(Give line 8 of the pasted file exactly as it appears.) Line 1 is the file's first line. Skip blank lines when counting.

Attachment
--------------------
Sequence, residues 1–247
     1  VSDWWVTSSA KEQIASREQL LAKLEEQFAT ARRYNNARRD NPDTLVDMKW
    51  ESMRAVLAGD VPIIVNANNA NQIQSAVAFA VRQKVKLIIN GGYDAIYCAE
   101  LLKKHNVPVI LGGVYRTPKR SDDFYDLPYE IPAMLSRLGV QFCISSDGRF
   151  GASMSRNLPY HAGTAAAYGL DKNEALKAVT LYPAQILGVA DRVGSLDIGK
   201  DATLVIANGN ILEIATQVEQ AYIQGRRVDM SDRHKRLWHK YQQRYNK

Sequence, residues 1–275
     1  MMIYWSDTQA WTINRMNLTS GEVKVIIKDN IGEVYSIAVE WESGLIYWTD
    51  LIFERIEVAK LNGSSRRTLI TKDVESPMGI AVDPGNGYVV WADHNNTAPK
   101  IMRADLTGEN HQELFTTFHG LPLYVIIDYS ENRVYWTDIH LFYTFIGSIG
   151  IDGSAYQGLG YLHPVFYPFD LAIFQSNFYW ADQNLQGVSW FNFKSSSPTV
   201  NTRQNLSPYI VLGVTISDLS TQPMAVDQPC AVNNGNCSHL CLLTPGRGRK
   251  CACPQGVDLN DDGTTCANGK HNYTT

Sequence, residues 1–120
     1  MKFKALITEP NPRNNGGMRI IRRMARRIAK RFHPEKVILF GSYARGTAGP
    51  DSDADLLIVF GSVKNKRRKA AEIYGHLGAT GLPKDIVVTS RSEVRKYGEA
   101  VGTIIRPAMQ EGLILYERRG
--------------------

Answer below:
     1  MMIYWSDTQA WTINRMNLTS GEVKVIIKDN IGEVYSIAVE WESGLIYWTD